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Microsoft Presents "Always Connected PCs"

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Microsoft takes the stage at the 2nd Qualcomm Snapdragon Technology Summit in Maui, Hawai, to further detail Windows 10 notebooks running on Qualcomm chipsets-- now referred to as "Always Connected PCs."

Always Connected PCsAs described at previous events, the Always Connected PCs run on an ARM-based Snapdragon 835 chipset, and promise 20+ hour active use battery life together with mobile device-style instant-on functionality from standby mode (or what Microsoft calls "Modern Standby Mode"). Cellular connectivity is integrated, allowing for low-power, always-on connectivity superior to what is currently available on current notebooks.

The companies stress the notebooks can run all Windows 10 apps, through a choice of either Universal Windows Apps (compiled for ARM directly) or x86 apps run via emulation. Microsoft gives no mention on the performance of x86 emulation, instead announcing an "optimised" version of Office 365 for use on the machines.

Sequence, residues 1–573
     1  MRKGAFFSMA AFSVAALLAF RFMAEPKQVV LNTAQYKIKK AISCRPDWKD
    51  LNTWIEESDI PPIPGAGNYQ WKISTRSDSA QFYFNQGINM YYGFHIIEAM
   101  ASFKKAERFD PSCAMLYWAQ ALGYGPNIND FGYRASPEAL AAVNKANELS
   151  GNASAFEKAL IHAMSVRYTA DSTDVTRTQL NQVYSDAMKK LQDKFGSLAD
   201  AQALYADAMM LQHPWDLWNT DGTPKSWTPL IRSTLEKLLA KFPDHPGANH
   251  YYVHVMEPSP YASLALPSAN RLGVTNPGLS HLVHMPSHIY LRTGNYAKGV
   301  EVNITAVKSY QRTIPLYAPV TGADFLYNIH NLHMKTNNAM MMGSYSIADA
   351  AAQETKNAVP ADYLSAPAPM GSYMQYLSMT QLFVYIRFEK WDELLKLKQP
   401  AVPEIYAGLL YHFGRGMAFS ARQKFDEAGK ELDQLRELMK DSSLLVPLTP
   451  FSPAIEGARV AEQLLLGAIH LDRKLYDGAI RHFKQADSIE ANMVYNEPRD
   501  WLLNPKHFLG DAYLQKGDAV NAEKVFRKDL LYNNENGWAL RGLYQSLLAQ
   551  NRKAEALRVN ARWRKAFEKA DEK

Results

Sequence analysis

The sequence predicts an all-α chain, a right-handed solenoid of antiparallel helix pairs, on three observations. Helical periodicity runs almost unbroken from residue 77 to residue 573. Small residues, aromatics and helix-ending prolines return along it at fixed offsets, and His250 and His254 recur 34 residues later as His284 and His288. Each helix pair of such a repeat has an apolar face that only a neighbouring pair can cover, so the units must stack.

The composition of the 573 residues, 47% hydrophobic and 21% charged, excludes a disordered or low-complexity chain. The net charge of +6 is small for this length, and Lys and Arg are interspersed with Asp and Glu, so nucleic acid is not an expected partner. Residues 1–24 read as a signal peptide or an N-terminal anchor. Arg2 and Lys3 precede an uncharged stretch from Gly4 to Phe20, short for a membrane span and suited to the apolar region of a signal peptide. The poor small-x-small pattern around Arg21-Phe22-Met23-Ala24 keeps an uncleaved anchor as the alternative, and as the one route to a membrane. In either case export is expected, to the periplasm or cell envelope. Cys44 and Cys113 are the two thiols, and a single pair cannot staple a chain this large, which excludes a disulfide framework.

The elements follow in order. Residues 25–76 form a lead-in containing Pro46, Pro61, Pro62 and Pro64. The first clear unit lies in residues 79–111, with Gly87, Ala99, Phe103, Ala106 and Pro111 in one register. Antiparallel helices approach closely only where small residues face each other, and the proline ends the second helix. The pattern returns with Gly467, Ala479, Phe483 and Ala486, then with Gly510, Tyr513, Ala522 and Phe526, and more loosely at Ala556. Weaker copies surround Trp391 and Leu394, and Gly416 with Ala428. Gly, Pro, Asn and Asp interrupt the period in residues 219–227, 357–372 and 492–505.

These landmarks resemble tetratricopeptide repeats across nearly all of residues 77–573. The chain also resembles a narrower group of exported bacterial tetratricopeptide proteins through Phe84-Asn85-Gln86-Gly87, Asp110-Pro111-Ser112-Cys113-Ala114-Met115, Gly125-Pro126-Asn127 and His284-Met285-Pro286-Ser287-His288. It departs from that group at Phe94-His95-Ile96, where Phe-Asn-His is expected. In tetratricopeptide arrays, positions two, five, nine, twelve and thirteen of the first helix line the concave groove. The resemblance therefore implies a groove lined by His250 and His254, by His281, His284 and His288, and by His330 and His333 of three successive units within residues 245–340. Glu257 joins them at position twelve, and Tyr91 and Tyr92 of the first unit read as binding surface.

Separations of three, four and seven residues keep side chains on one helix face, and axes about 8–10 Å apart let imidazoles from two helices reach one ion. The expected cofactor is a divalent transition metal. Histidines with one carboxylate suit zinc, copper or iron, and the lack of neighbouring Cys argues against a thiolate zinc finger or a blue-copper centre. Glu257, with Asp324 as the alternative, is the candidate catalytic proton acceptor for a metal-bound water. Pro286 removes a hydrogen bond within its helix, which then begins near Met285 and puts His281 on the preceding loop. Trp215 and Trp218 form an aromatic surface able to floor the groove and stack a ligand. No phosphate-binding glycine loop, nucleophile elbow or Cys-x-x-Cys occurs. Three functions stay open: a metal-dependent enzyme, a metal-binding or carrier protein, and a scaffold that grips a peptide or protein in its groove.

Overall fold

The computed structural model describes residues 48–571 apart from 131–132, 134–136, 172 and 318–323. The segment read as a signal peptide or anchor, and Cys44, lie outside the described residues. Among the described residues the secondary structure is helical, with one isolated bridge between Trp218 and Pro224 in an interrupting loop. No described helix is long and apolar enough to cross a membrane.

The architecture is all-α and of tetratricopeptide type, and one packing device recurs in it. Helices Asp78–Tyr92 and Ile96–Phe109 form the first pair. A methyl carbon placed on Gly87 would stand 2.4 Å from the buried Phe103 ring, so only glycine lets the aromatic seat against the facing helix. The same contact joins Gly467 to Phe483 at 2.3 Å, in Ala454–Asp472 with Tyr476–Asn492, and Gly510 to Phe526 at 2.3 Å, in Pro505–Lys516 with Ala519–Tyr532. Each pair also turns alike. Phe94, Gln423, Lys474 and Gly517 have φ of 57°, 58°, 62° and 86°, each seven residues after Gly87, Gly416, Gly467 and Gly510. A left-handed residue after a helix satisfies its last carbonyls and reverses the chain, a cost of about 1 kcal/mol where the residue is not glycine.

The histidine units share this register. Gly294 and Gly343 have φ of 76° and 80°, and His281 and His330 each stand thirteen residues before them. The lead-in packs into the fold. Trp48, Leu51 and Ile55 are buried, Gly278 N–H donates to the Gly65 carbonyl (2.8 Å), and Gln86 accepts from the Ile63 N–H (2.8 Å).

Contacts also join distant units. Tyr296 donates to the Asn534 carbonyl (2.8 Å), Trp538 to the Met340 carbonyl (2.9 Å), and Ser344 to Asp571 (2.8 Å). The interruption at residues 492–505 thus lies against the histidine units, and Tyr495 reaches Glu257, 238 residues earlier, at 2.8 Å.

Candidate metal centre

"For the last few months, I have been using an Always Connected PC, running on Qualcomm’s Snapdragon platform," Windows boss Terry Myerson says. "In the last week, I watched the movie Moana with my daughter, worked in PowerPoint, browsed the web every day, reviewed budgets in Excel, checked email while waiting to pick up my son from soccer, marked up a few PDFs with Ink, played some games on the plane-- all of this without plugging in my power cord all week."

The event hosts the reveal of two Always Connected PCs-- the Asus NovaGo and HP Envy x2. The NovaGo will be the first of such machines available on the market, since it should ship by before end 2017. It offers a 13.3-inch touchscreen, 4/16GB of RAM and 8/256GB of storage, and promises 22 hours of continuous video playback and 30 days of standby.

Meanwhile the Envy x2 is to ship sometime on Q1 2018 with up to 8GB RAM and 256GB storage. It is a hybrid device, with a detachable a 12.3-inch touchscreen complete with pen input for tablet-style use and a hinged stand on the back. A keyboard comes included, and HP claims battery life reaches up to 20 hours of continuous use or 700 hours in standby mode.

Of course, one needs to actually test out the Always Connected PCs to check whether they actually live up to the hype, but the development of such machines sounds exciting enough. Should they prove a success expect the likes of Intel and AMD to follow Qualcomm in the quest for faster, more mobile notebooks.

Go Always Connected PCs Enable a New Culture of Work